I have no idea what you mean by "a positive standard".
     
  8. gohring3006

    gohring3006 Well-Known Member

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    Well... do you have a load that shows the capability of the rifle?
    How do you know the velocity variance and fliers isn’t from inconsistent brass capacity? How do you know it wasn’t from inconsistent neck tension?
    How do you know it wasn’t from inconsistent bullet length/weight?
    Positive standard should be,
    Same weight sorted brass annealed effectively should be used every time, bullets sorted for weight length, and chamber/barrel temp kept the same. If not, then there can be reasonable doubt in your test.
     
  9. RockyMtnMT

    RockyMtnMT Official LRH Sponsor

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    No bullet sorting needed. They are all the same within .0002". I took care of that when they were made. Only reason to sort Hammers is if you need the therapy. :D

    Steve
     
  10. gohring3006

    gohring3006 Well-Known Member

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    Primers absolutely have a affect on loads, but so does all the things I listed.
    At the end of the day, the test has to satisfy the tester. It’s seems that it has.

    But questioning results, always brings better results.
     
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  11. Mike 338

    Mike 338 Well-Known Member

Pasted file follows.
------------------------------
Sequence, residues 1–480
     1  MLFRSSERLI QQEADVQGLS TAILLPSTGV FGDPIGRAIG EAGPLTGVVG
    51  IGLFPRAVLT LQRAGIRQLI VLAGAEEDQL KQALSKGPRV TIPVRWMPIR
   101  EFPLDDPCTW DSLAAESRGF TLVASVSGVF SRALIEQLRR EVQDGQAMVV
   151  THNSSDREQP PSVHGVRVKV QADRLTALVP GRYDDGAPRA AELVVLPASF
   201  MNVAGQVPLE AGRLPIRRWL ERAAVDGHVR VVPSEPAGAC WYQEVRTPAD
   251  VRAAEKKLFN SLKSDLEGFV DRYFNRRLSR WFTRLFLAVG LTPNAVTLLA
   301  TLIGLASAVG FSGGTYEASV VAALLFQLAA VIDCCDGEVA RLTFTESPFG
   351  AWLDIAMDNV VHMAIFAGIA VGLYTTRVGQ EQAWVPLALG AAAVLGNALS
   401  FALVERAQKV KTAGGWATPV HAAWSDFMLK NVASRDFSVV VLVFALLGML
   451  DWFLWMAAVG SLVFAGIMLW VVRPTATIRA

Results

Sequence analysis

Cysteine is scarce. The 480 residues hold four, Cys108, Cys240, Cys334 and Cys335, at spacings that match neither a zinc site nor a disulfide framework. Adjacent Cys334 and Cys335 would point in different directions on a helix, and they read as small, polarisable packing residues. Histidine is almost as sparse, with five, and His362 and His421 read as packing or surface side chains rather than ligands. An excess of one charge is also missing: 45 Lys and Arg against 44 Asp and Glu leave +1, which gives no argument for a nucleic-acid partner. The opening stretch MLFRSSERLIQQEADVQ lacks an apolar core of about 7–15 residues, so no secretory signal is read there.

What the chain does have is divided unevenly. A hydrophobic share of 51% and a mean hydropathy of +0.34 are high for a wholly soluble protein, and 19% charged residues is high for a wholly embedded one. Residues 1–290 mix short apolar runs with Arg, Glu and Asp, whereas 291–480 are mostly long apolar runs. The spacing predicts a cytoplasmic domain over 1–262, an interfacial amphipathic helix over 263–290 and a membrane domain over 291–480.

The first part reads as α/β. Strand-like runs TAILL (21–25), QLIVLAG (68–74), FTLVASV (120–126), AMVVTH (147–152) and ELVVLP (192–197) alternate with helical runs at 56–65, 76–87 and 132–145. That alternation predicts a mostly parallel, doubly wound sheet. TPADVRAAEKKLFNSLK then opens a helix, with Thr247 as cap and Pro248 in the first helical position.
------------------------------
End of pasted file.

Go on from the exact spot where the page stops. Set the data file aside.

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    Unless I stumble onto a great load first time out, I test various primers. About 60% of the time, there's no appreciable difference but sometimes the difference is amazing.
     
  12. RockyMtnMT

    RockyMtnMT Official LRH Sponsor

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    Good friend of mine just texted me from the range. He is developing a load with our 199g Hammer Hunter in his old wore out 300rum. He worked up to 92g rl25 with an es of 6 for 5 shots and sub one inch at 100y with a vel of 3200fps. He had to leave the range because it was filling up with idiots. I think that was a quote. No pressure signs. I think he can probably get a grain or two more, but he may just call it good.

    Point here is there was no sorting, particularly the bullets. He is meticulous about brass prep and charge weights, primer seating, and bullet seating. This is the 1st time he has loaded Hammers for his rum and he has never had that low of es. He is well under 20 rounds of load dev. Only reason he has shot as many as he has is because he shoots 5 shots with each charge. I only shoot one. I rarely get es over 20fps and often see single digit. When using Hammers brass is the weak link.

    Steve
     
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  13. gohring3006

    gohring3006 Well-Known Member

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    That’s awesome Steve.
    I can see where monos would have very tight tolerances.
     
  14. RockyMtnMT

    RockyMtnMT Official LRH Sponsor

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    That friend is mtmuley that is frequently on lrh. Hopefully he will see this and chime in. He can give a better account of his loading technique.

    Steve